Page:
Music played a big role in my experiences growing up. My mother and father both sang in the church choir, and I was a very active participant in church and grade school musical programs. I listened religiously to the radio and started my collection of LP’s and 45’s in the 2nd grade. My brother and I built a performing stage in our basement with cardboard boxes, Tinker Toys, and electrical cords, and regularly performed Karaoke concerts for the neighborhood kids before Karaoke was even in style. I started playing the violin in 3rd and 4th grade, and by the time I started 5th grade, music was in my soul. It was a huge part of how I defined myself. In the years that followed I performed in high school and college singing groups, “Back to the 50’s” and “Top 40” show bands. As a solo performer, I entertained thousands of people in a variety of performing situations. Playing the guitar, singing, and entertaining people is one of the things I do best. A woman once told me that my face lights up and my eyes sparkle when I’m playing the guitar and singing. She allowed me to realize that I have a God-given gift and encouraged me to share that gift with others. With that kind of encouragement, what could I do?… but keep playing, singing, entertaining… and, of course, make her my beautiful wife!
Who were your favorite musical heroes and influencers growing up?
My high school favorites growing up were John Denver, Cat Stevens, Gordon Lightfoot, and James Taylor. The sounds they got out of their guitars were mesmerizing and their vocals were intoxicating. I spent many hours in my bedroom at night listening intently to their music, their message, trying to imitate what I heard them communicating through music. In 1980, I began eleven years of teaching private guitar lessons at Evans Music store in White Bear Lake and my heroes became the local musicians that I admired: John Evans, Dan Perry, Billy McLaughlin, Tim Moeller, and Michael Monroe. They were great role models as musical performers, but also great role models with family, faith, friendship, and using music to communicate from the heart.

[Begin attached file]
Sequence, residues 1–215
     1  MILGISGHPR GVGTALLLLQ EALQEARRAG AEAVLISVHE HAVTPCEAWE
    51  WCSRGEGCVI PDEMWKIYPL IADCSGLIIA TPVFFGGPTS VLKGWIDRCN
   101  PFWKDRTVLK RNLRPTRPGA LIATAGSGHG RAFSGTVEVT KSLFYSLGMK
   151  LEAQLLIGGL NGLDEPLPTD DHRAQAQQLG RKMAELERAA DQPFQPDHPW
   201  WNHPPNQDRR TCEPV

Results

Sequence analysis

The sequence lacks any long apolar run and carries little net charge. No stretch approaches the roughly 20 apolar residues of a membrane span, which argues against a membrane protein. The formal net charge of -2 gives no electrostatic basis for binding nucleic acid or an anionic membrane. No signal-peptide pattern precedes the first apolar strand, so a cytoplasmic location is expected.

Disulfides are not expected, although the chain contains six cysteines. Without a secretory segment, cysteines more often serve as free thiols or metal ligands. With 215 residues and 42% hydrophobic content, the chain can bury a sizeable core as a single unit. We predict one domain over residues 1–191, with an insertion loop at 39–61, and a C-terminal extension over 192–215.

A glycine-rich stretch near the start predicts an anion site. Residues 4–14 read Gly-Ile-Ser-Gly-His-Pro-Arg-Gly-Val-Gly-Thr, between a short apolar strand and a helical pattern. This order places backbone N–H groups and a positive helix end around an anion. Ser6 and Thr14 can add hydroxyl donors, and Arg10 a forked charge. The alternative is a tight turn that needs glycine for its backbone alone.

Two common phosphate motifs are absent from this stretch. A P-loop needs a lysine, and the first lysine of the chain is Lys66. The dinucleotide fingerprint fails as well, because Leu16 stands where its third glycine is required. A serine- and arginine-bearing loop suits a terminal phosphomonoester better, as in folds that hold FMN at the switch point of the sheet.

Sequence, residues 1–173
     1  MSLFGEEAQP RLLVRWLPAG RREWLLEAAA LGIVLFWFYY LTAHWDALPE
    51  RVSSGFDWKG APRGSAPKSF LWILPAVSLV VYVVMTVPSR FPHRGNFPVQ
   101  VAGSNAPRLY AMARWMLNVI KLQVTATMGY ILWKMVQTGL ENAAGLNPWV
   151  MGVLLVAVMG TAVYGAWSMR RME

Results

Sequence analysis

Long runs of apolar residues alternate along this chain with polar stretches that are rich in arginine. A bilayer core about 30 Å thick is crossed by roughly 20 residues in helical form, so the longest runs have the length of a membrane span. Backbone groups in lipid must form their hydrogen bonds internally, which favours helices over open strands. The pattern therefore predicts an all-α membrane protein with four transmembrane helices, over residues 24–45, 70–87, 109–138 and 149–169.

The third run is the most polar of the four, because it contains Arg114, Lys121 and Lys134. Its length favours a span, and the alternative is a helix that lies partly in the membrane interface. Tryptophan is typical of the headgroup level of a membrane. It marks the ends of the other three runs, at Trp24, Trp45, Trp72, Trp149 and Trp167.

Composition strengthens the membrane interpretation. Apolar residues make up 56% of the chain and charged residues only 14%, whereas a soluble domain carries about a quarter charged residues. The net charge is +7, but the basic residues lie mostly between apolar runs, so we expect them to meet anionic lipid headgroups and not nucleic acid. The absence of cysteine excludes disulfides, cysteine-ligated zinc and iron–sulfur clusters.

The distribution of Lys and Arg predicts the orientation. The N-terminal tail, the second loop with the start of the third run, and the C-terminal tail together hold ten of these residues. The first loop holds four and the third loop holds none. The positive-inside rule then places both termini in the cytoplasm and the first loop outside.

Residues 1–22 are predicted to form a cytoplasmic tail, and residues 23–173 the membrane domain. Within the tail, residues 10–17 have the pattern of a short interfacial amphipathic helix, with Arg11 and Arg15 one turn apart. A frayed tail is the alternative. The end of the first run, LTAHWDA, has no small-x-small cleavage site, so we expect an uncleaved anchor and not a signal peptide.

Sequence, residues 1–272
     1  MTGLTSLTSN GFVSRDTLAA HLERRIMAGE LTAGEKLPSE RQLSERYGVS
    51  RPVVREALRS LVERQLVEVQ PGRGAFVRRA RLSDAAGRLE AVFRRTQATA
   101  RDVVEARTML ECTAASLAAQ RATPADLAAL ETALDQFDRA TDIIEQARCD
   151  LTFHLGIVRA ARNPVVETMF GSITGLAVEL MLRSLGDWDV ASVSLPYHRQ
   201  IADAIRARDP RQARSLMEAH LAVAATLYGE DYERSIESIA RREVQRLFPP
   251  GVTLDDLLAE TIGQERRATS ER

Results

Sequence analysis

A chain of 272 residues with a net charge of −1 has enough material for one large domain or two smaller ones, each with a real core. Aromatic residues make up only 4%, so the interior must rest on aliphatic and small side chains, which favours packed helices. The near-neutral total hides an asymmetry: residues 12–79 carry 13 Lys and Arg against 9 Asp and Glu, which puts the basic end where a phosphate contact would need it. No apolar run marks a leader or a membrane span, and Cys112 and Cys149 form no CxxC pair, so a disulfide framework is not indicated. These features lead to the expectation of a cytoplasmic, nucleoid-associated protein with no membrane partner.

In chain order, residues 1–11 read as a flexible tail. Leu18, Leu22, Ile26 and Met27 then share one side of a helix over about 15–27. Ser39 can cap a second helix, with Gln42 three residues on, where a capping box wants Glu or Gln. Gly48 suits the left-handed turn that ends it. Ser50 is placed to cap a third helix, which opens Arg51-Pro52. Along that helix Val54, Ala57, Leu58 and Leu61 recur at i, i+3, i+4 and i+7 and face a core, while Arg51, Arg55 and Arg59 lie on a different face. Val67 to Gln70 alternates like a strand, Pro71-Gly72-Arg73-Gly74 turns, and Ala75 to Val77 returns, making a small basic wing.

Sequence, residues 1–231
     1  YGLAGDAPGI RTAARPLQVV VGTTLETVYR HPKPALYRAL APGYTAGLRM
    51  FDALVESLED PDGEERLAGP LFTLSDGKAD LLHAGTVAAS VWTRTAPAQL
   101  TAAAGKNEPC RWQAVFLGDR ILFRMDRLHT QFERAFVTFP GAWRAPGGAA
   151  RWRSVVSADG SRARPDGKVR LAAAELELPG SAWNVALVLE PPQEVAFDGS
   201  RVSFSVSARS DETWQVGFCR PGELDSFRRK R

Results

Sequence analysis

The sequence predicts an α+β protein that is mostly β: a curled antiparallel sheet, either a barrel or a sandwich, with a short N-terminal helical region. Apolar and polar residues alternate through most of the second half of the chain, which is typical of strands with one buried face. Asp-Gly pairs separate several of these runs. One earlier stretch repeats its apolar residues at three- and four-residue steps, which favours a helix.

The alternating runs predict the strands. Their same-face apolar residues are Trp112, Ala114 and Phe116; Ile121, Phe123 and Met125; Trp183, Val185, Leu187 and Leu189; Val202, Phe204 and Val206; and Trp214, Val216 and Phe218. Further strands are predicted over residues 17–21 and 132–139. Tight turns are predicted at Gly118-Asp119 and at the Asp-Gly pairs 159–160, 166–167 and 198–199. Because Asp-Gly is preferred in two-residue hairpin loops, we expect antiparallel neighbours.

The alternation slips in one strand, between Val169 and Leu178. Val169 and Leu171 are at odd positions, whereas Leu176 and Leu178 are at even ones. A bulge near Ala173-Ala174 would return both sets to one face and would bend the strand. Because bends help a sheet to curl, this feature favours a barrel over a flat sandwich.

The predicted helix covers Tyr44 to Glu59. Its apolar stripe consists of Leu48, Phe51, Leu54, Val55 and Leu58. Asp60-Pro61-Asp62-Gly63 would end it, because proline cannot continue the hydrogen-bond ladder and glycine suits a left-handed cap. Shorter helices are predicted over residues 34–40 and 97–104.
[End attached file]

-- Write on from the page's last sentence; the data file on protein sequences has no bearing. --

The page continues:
What kind of guitar do you play?
In 1976 I took all the money I had saved and bought a brand new Martin D-28. I love that guitar! It’s gone through many different road trips, travel cases, string changes, amplification systems, structural embellishments, and cosmetic fixes, but it sounds better than ever! Now I play a Maritin DCPA-3 which is a discontinued Martin acoustic cutaway model with a Fishman Aura pickup.
What are your musical qualifications?
I became a serious student of music in high school. In the fall of my junior year, I enrolled in a pilot class taught by Choir Director David Briggs and English Teacher Penny Carlson entitled, “Poetry and the Pop Song.” We studied popular song formats, lyrical content, and developed our own songwriting styles based on constructive criticism from our teachers and peers. After performing many original compositions for class assignments, both teachers encouraged me to continue with classes in music theory and vocal performance. I supplemented my college education with music courses and private guitar lessons at the West Bank School of Music near the University of Minnesota campus. Although I graduated with a BA in Speech/Communications, three years of my college experience were spent pursuing a formal degree in Music Education and a personal achievement of excellence in guitar and vocal performance.
You had to quit performing in the mid 1980’s… so what happened?
Success is a beautiful thing, but too much success can lead to trouble. Soon after college I launched out on a full-time performing career playing every night of the week at different venues around the state of Minnesota. Lack of respect for this amazing human body I’ve been given soon led to lack of sleep and a lack of focus on proper vocal technique. One spring Saturday morning after a late night Friday performance I found myself with an extremely hoarse voice and little to no control over my singing voice. It was a very scary experience. Diagnosed with a vocal chord nodule, I was encouraged by an “expert” to have surgery to repair this vocal abnormality. Thankfully, after a long conversation with Dave Briggs and encouragement from my fellow music colleagues, I chose the natural route of therapy and healing over time. I immediately cancelled all my upcoming performances and began a strict regimen of vocal rest and weekly sessions with a vocal therapist. Six months later, the hard work and focus paid off. I experienced a complete recovery. I came out of that journey with a very strong commitment and focus on proper vocal technique in my performances. Since that time, my voice has gotten stronger, healthier, and I have had the opportunity to teach hundreds of high school students and adults the value of proper vocal health and vocal technique.